I’m taking a few days off to recharge before hitting it hard again next week. But in order to not go completely dark here, I took a look at some of the most popular blog posts of 2011. This blog post about Evernote was in the top five AND I have some things to add to it that will be helpful for you each month in 2013. It’s been revised and updated a bit. 

I love journals. I used to negotiate getting a journal scientists use when I got a promotion (they’re really expensive) or when I got a new job. I have every business journal and every Franklin Planner I’ve ever written – tasks, ideas, brainstorms, new business meetings, everything. I write it all down.

I also use my journals to create my to-do list. I draw a little box in the margin and that tells me it’s a task and not just a note. Then I get to go through my journal and check off the boxes as I finish the task. There is such great pleasure in that check mark!

But the one problem with a journal is I have to carry it everywhere with me. What happens if, like Mitch Joel expressed in his top business apps blog post earlier this week, I accidentally leave it on my desk?

Enter Evernote

Enter Evernote. I have it on my laptop, iPad, and iPhone (it’s available for every smart phone and both Mac and PC). And I take notes, create my to-do lists, create presentations, jot down ideas, capture a photo or image, and save files.

It syncs through the cloud (I love the cloud) and it’s available on any device I have in front of me at the time.

On your way to a meeting and you forgot your journal? No problem! It’s on your phone in Evernote!

On a flight and you realize your client folder is sitting on your desk? No problem! It’s on your laptop in Evernote!

Took notes at a new business meeting and lost your phone (it happens in Chicago cabs a lot)? No problem! It’s on Evernote!

Sold yet?

You can also clip articles and blog posts from the web and save in Evernote. It’s your journal, camera, audio notes, to-do list, and bookmark accounts all in one.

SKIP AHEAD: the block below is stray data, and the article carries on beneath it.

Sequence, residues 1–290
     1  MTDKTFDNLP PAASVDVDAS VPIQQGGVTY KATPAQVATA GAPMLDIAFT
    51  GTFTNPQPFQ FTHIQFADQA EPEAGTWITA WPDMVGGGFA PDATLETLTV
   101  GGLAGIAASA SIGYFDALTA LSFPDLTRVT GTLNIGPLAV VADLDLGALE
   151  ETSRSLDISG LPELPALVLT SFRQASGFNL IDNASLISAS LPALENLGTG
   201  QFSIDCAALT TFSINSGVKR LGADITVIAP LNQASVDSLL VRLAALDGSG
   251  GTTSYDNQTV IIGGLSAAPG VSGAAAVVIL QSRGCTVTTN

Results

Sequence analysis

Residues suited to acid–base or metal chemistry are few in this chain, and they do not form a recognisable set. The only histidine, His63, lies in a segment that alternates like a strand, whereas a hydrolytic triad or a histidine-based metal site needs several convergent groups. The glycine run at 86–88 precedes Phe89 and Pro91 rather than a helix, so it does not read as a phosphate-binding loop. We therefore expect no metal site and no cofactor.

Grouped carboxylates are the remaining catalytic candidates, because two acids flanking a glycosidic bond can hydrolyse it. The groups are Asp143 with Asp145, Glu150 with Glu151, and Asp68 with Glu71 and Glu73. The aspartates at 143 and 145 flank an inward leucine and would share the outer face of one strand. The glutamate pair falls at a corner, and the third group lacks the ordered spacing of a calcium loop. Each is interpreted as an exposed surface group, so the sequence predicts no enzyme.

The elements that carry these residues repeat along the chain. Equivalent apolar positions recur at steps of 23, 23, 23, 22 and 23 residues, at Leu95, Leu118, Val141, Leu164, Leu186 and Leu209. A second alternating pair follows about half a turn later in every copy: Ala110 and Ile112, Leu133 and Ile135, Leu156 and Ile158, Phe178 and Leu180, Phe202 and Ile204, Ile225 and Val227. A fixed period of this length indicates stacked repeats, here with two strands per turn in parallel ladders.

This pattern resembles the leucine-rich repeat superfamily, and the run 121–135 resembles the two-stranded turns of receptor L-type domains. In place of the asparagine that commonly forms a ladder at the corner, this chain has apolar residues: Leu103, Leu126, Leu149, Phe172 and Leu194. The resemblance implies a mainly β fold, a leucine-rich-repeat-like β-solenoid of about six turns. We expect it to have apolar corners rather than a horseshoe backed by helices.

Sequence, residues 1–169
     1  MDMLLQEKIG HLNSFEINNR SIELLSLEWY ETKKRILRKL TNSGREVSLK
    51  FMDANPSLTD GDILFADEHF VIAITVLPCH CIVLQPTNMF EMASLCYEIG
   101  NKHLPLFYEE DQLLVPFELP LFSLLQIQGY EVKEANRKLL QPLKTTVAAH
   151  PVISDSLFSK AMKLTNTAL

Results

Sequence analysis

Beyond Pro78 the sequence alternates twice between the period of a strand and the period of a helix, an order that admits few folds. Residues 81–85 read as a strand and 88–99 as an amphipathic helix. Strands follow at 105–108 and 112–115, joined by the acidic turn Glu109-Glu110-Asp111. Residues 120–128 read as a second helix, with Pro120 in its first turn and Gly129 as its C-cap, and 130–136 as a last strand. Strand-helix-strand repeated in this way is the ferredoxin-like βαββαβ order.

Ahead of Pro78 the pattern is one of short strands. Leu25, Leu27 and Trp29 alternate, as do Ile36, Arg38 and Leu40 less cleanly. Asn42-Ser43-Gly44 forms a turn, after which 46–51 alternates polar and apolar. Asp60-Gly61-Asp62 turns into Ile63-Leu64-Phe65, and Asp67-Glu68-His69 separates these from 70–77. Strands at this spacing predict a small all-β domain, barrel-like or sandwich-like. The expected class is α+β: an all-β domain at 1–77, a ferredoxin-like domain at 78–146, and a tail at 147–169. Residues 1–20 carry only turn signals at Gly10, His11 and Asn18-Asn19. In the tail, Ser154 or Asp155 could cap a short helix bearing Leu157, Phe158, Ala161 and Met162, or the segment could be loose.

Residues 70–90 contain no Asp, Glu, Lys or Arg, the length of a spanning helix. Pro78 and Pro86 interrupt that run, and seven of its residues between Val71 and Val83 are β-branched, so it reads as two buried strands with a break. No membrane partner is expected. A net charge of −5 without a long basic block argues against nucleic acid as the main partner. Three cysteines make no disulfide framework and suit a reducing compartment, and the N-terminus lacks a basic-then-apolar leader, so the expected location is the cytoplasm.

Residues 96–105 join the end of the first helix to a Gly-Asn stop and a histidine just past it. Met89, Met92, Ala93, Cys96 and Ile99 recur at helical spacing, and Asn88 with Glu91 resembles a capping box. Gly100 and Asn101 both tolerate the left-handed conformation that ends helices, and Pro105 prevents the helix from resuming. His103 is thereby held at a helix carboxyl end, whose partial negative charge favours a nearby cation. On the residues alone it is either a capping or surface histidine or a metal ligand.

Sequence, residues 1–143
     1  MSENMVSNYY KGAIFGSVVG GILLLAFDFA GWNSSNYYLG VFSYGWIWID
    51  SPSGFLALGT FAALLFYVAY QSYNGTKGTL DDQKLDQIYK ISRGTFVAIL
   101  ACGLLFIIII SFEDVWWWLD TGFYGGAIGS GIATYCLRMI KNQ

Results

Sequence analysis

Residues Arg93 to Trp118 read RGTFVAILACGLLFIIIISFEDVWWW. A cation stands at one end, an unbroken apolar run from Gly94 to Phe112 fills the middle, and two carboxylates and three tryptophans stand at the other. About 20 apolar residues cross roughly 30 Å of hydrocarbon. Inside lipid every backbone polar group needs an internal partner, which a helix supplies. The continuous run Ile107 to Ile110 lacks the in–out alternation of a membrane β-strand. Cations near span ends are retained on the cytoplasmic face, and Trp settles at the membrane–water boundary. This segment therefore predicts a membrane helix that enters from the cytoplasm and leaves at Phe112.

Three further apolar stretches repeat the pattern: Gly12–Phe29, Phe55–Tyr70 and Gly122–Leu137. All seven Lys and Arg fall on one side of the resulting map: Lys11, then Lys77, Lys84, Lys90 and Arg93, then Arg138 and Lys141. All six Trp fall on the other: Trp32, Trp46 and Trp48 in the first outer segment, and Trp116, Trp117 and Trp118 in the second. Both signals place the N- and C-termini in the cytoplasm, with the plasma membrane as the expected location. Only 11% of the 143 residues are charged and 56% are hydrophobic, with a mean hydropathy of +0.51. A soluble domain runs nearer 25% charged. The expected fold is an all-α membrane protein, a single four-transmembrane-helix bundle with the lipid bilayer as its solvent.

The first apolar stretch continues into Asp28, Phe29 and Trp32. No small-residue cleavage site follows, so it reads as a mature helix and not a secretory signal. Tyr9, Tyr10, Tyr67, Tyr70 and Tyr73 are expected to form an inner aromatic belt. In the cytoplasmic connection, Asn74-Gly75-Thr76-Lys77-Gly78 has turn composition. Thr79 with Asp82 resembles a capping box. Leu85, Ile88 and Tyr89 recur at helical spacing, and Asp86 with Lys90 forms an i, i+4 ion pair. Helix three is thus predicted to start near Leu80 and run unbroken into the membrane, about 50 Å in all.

Get Evernote

All you have to do is download it, create a user name and password, and get to work. If you get in the habit of using it (instead of letting it just sit there), you’ll never miss an idea, note, or task again.

It is super efficient for note taking, journal writing, taking photos (I use it when I am relegated to the trainer and want to enter my stats in Training Peaks later), creating to-do lists, and never carrying around another notebook again (though I have to admit I still carry around a notebook for notes, quick thoughts, and brainstorming).

They continue to add new features, including Evernote Food, which launched two weeks ago.

Evernote Food helps you remember those great new restaurants to documenting how to make family recipes. If you’re a foodie (like me), it looks to be a pretty cool way to track all you love.

Want a month-by-month list of things to do in Evernote so, by this time next year, you’re a pro? Check out Work Smarter with Evernote over at Harvard Business Review. Alexandra Samuel provides one task per month to make it really easy to conquer.

Do you use Evernote? Are there ways you use it that aren’t mentioned here?

Gini Dietrich

Gini Dietrich is the founder, CEO, and author of Spin Sucks, host of the Spin Sucks podcast, and author of Spin Sucks (the book). She is the creator of the PESO Model and has crafted a certification for it in partnership with Syracuse University. She has run and grown an agency for the past 15 years. She is co-author of Marketing in the Round, co-host of Inside PR, and co-host of The Agency Leadership podcast.

View all posts by Gini Dietrich